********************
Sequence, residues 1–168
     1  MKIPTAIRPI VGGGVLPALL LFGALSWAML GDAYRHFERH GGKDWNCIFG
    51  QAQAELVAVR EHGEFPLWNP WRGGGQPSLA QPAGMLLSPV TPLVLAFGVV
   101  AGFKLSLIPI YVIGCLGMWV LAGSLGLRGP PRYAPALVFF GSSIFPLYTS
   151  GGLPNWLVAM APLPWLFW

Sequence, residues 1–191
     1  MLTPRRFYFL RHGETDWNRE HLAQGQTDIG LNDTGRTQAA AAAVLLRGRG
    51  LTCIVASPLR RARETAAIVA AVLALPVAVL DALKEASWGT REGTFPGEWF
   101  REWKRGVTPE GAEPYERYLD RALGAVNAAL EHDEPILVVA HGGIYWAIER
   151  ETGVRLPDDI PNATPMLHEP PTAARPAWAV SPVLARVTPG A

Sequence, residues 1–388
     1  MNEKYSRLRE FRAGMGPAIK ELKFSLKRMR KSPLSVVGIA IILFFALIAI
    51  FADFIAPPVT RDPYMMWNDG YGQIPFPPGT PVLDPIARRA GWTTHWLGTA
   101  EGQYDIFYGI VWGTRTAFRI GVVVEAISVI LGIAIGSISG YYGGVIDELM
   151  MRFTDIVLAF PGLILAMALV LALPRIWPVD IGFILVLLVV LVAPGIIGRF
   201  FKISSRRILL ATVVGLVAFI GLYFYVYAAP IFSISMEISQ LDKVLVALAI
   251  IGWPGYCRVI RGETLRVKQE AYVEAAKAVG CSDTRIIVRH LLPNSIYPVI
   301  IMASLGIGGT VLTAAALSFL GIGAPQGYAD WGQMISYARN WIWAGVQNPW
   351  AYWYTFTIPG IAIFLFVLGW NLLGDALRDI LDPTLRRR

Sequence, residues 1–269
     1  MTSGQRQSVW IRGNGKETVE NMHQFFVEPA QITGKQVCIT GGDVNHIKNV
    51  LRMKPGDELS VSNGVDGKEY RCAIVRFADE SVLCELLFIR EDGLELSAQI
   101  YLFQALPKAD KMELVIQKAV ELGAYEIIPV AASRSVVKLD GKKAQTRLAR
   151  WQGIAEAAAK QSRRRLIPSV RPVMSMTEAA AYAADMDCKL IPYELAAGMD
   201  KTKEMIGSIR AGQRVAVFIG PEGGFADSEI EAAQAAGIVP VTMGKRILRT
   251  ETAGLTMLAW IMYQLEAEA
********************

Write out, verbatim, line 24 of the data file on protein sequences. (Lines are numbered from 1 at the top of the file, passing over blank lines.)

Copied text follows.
   151  WQGIAEAAAK QSRRRLIPSV RPVMSMTEAA AYAADMDCKL IPYELAAGMD